In hindsight, it was probably inevitable that reality would catch up Black mirror. Not in a literal sense (we still don’t have cookies or cereal, and thank goodness for that), but in a spiritual sense. When the series launched in 2011, it stood out for its deep skepticism in the age of tech optimism. Now current headlines about AI replacing human workers or entire democracies being turned upside down by social media algorithms feel like the stuff of Black mirror storylines, much like the Trump era surpassed Veep and Peak TV brought some of it 30 rock’s most cynical jokes to life.
Add to that the general feeling that creator Charlie Brooker might be tired of the whole drill going by season five’s uninspired entries, and it’s no wonder the latest batch feels less prescient than ever. But Black mirror has one last trick up its sleeve: in season six, it detaches itself from its core principle to emerge as a less predictable version of itself.
It comes down to
An uneven season ushers in an intriguing new era for the series.
broadcast date: Thursday, June 15 (Netflix)
Form: Zazie Beetz, Samuel Blenkin, Monica Dolan, Paapa Essiedu, Josh Hartnett, Salma Hayek Pinault, Myha’la Herrold, Kate Mara, Annie Murphy, Aaron Paul, Daniel Portman, Clara Rugaard, Anjana Vasan
Creator: Charlie Brooker
As in previous years, each of the five new episodes on Netflix (40-80 minutes each) functions as a self-contained story, only loosely connected through sporadic Easter eggs. Overall, however, it is striking how much less emphasis is placed on extrapolating from TikTok or ChatGPT, and how much more on our already realized past and present. Namely, three of the stories are set in earlier decades, while a fourth unfolds in the present but focuses primarily on past events.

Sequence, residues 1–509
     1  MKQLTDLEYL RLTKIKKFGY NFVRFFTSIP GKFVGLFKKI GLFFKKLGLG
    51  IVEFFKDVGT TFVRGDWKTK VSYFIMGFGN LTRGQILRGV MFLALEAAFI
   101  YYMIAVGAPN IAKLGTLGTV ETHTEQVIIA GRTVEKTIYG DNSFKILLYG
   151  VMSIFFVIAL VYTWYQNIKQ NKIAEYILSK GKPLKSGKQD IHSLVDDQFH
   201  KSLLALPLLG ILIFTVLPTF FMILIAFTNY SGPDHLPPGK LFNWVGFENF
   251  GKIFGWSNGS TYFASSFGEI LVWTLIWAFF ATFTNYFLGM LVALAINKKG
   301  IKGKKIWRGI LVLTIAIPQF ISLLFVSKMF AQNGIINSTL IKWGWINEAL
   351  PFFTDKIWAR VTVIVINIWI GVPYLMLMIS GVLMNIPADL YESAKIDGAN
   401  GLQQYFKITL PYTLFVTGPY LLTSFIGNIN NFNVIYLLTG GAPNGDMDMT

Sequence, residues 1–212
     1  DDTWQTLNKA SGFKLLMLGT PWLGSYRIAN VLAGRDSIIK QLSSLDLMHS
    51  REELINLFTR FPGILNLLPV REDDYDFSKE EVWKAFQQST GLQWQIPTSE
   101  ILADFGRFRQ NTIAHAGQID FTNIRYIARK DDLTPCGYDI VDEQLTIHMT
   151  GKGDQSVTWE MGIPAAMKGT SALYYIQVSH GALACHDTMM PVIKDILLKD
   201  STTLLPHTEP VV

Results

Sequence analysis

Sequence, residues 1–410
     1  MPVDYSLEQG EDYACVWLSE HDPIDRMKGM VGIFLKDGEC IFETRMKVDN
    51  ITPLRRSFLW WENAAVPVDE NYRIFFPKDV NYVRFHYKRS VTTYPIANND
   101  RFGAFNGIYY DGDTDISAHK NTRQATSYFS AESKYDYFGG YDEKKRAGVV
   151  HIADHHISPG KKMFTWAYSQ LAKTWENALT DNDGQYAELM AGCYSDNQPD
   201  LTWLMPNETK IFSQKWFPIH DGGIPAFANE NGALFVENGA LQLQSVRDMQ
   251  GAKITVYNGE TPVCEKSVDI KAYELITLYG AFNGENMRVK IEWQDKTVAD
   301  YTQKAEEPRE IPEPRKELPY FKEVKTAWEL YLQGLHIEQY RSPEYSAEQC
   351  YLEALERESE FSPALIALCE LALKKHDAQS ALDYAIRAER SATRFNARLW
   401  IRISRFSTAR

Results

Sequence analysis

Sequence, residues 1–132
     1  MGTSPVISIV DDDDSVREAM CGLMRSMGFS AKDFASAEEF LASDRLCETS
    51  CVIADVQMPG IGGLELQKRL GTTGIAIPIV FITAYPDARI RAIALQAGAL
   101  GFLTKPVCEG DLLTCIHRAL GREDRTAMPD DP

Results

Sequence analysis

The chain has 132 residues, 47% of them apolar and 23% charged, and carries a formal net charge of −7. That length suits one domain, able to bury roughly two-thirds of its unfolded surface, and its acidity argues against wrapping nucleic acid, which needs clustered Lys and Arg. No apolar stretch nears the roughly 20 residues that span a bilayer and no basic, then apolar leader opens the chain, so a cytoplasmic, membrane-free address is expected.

The one exception to this backward-looking perspective is the premiere “Joan Is Awful,” which takes a pucky, Charlie Kaufman-lite approach to the present moment. By that I mean the exact moment you’re sitting watching “Joan Is Awful” on Netflix: the heroine, Joan (Annie Murphy), is an ordinary woman who opens Netflix (sorry, “Streamberry”) one night only to discover that the The service’s latest release is a Salma Hayek Pinault drama based on the most intimate details of the day she just had. Embargoes prohibit me from saying too much about how her predicament plays out, but suffice it to say it’s classic Black mirror — a darkly funny brainteaser that weaves together modern anxieties about surveillance, the void of “content,” and what exactly we’re signing into those pages of terms and conditions we never read.
This set’s only other true sci-fi outing is “Beyond the Sea,” set in a stylish alternate version of 1969 where astronauts can transfer their consciousnesses between their spacebound real bodies and their realistic Earth-based robot replicas. Black mirror has always focused on the intersection between human nature and scientific progress, and the brightest chapters have focused on the intricate ways in which each flows into the other. But “Beyond the Sea” wastes its juicy central concept and Aaron Paul’s finely calibrated lead performance on a relatively mundane personal conflict, offering disappointingly little insight into how these wondrous mechanical forms can change the way people think about themselves or interact with each other . (However, the conclusion offers a shocking shock.)